David Bowie’s character was the only real magician in “The Prestige.” Christian Bale and Hugh Jackman’s top hatted rivals were conjurers of cheap tricks, masters of picking locks and applying spirit gum, but Bowie’s Nikola Tesla built machines that could do the impossible.
It was Bowie’s last major movie role, and while other actors could have given us Tesla, he gave us a version that offered a modern context for understanding a magic man ahead of his own time. It’s not right to say that Bowie was “perfect” for the role, but he was singular as Tesla, inescapably imbuing the role with everything we know and don’t know and can’t comprehend about Bowie himself. An enigma portraying an enigma.
The comfortably numb scientist also made a perfect bookend for Bowie’s film career, which began in the Bowiest way possible: Playing a space alien traveling through Nicolas Roeg’s nightmarish, maddening, sexualized vision of our world in “The Man Who Fell To Earth.” Unlike most musician forays into filmmaking which cast them in generic hero roles to capitalize nakedly on their fame — and even separate from the Monkees’ wild swing against their image in “Head” — Bowie’s leap into acting was a perfect blend of form, function and persona.
Ziggy Stardust was playing an extraterrestrial. Yet, fittingly, Bowie had already shape-shifted away from the Stardust persona by the time he made “The Man Who Fell To Earth.” He’d moved on to an era of singing “Golden Years” on “Soul Train,” so his turn as space oddity Thomas Jerome Newton isn’t glitter-bombed and gloriously queer; it’s as a distant, genius inventor whose abnormality is to be expected (think Elon Musk with a shock of slicked-back red hair and cocaine-withered arms). He might just as easily be an eccentric Brit as an alien visiting earth in an attempt to save his home planet — which can also be safely said of Bowie.
That first role simultaneously played to audience expectations and defied them, continuing the mutable image tradition in his music and setting the stage for him as an actor. True to inexplicable form, he followed it by playing a Prussian WWI officer who becomes a Berliner gigolo and, right when his music was at its most radio-ready mainstream, he played both an androgynous vampire for Tony Scott’s debut “The Hunger” and a WWII POW in the criminally under-seen “Merry Christmas, Mr. Lawrence.”
He appeared in only a handful of movies in the course of a decade and still avoided easy labels going into the crazed wonderment of “Labyrinth” in 1986.
His turn as the cod piece-thrusting Goblin King was the introduction to Bowie for an entire generation of ’80s kids. He was a sorcerer who bedevils a young Jennifer Connelly, singing gleefully amidst tiny, grotesque Jim Henson creations, and reveling as happily in the absurdity of the fantasy as he does in the spandex. The most charismatic child kidnapper ever put to film.
It’s a children’s movie with silly songs and eye glitter, and Bowie brings a surprising sense of gravitas to a character who’s really a disco ball come to life. This happens, more or less, simply by Bowie being Bowie. It seems perfectly natural that he would lord over a dream-like ballroom and jump around with goblins in his thrown room. Just another typical Tuesday for the man who sold the world.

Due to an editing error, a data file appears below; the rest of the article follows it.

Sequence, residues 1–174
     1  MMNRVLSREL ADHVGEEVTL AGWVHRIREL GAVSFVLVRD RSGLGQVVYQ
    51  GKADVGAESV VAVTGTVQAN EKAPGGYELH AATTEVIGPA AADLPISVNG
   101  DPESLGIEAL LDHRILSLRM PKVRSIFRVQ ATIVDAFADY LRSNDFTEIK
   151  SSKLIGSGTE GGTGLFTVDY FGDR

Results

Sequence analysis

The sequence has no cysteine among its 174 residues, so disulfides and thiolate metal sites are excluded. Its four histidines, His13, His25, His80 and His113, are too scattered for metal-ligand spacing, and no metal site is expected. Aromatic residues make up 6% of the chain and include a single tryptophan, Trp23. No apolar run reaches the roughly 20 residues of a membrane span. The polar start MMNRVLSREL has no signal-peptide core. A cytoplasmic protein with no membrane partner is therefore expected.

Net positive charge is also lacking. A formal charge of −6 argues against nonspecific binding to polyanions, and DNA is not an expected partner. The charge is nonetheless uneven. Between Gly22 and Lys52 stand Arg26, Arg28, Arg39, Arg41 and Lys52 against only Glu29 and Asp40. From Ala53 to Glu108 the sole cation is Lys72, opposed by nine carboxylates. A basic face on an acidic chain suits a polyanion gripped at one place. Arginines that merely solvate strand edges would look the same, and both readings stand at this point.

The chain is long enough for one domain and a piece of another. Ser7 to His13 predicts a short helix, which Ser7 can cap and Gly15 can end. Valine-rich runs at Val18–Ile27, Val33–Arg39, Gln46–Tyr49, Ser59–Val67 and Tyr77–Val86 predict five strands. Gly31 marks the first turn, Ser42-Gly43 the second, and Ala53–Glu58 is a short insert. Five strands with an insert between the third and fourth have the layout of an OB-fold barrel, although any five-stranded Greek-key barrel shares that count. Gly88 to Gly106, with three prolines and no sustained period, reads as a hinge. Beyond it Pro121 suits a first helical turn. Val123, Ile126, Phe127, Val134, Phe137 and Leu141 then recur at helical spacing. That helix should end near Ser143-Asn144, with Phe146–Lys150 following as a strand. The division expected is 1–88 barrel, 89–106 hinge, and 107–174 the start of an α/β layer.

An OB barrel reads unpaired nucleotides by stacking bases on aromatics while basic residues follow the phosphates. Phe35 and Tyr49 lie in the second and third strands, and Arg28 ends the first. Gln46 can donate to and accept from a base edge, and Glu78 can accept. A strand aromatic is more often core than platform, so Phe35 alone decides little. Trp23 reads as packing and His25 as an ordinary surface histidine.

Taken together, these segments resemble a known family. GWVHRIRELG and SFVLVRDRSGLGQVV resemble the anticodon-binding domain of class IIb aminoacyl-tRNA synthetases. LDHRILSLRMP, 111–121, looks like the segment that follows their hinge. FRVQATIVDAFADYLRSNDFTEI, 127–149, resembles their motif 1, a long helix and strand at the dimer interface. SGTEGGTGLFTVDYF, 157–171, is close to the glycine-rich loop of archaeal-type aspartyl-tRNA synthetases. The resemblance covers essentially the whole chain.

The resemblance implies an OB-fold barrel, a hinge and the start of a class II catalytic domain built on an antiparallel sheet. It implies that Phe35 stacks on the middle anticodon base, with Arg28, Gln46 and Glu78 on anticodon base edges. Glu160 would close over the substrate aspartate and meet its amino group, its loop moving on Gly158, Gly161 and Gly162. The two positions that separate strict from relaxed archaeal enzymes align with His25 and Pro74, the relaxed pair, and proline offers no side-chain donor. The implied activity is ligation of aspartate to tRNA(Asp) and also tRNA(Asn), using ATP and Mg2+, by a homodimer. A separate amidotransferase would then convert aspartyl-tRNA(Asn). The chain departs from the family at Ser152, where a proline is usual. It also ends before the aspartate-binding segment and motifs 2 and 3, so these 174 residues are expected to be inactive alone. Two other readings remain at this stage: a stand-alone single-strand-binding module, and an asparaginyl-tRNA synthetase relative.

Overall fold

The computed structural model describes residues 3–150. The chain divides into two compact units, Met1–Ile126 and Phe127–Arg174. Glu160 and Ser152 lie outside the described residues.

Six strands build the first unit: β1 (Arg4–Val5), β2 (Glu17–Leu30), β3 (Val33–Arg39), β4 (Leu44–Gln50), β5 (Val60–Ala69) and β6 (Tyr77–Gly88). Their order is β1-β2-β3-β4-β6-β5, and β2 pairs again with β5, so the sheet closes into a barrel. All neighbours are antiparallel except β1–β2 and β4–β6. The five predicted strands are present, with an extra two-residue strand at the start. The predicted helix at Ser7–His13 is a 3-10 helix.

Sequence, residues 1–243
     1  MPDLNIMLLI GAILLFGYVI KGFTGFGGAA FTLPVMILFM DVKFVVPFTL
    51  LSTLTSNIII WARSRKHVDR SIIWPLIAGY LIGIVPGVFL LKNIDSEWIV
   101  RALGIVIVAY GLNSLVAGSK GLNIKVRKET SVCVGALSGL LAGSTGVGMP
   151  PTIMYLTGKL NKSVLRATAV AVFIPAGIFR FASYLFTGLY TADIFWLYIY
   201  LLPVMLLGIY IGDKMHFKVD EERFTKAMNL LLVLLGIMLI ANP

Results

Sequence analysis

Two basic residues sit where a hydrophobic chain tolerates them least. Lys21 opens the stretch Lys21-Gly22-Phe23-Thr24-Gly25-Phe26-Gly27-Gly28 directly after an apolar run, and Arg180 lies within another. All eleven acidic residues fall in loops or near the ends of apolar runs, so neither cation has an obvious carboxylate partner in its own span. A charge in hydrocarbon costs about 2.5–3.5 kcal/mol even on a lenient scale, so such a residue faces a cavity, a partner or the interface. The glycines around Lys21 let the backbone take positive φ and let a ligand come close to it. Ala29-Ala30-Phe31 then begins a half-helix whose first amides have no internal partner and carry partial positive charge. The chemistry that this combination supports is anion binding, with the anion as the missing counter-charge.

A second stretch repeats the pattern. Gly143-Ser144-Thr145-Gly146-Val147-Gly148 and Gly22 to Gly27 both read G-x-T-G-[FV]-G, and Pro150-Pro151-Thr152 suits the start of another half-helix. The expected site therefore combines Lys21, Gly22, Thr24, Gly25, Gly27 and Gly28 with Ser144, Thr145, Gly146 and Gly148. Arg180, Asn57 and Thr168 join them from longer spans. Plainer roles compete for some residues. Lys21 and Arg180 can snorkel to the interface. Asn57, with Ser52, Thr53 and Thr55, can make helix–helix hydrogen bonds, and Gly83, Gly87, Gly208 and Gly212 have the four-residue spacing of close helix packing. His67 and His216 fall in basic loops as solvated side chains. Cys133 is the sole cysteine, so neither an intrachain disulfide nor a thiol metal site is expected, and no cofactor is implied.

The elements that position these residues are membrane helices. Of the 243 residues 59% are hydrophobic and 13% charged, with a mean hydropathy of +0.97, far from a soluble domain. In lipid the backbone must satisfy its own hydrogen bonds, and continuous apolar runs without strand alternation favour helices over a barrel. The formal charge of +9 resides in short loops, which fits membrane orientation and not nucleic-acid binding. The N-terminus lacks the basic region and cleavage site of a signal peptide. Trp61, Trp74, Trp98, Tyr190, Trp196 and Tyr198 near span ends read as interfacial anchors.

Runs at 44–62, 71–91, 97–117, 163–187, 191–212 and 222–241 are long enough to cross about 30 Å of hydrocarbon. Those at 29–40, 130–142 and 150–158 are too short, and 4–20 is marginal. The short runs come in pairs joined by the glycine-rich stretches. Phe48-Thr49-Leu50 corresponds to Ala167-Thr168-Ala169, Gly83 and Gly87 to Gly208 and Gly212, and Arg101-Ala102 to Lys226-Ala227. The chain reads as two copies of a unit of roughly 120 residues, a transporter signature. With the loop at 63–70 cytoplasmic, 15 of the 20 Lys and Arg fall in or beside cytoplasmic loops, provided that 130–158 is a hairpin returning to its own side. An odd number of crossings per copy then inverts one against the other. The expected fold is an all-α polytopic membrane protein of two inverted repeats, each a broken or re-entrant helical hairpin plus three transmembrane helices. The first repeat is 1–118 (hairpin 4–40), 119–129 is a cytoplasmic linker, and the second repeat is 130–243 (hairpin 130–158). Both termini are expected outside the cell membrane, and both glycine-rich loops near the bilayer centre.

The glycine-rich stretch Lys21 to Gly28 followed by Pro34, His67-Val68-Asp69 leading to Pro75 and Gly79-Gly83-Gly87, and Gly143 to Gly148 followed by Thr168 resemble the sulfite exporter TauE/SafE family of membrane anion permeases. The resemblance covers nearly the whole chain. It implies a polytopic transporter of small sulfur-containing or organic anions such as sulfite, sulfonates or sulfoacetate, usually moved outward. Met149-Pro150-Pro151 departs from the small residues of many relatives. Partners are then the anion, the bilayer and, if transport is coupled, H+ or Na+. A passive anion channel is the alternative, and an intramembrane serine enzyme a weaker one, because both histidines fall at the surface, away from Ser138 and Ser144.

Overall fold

Only two years later, Bowie would put Jesus to death for Martin Scorsese in “The Last Temptation of Christ.” As Roman prefect Pontius Pilate, he shares a softly poetic dialogue with Willem Dafoe’s Christ before determining that the latter has to be killed for the greater good of the state. He opens the iconic scene with a central philosophical question, saying, “It’s also said that you do miracles. Is this good magic or bad magic?”
Looking miles away from the teased-out, eye-shadowed horror of “Labyrinth,” Bowie plays Pilate as a subdued diplomat trying to find logical common ground with a man who claims that earth isn’t his home. Knowing Bowie’s persona, it’s either ironic or appropriate depending on how you look. The dignified role — which might have otherwise been reserved for a Ben Kingsley or a Gary Oldman — cemented “playing against type” as Bowie’s type.
He portrayed another real-life person when he zoomed through “Basquiat” as Andy Warhol — acting mostly like Bowie in a white mop top wig and beautifully mirroring his brief, brilliant moment playing himself in “Zoolander.” By the aughts, he was an elder statesman and style icon who absorbed all of the attention on screen when he arrived to judge a runway walk-off between two idiots. It’s, again, impossibly sensical that Bowie is both the suave, ultimate judge of chic and game to cringe when Ben Stiller yanks his underwear up into his undercarriage. As brief as it is, the scene offers comedic perfection by inviting a God down to earth to witness ridiculousness and declare a winner with a straight face.
Which leads us back to “The Prestige.” Playing a magician one last time, he appears on screen as both dignified and inhuman, breathing in a rarified air that’s been splashed with electricity and living on the top of a hillside away from the townsfolk who could take up pitchforks and torches at any moment. He’s changing the world, and it’s frightening. Just when a desperate Hugh Jackman needs him most, he’s moved on — a soft-spoken guru who may not be in the mountain cave you risked your life to get to. A being who can visit and talk with us, but who can never stay too long in the realm of mortals.
There’s an obviously good reason why Bowie played inventors and creatives so often. It allowed him a large space to pull off his chameleonic act and imbued him with the fantastical powers we already assumed he had in real life. His death is like losing an entire element from the periodic table, and the movies he leaves behind echo the life of a magic madman who cannot be reduced to one word (or one million), but who always appeared to us as being beyond this world.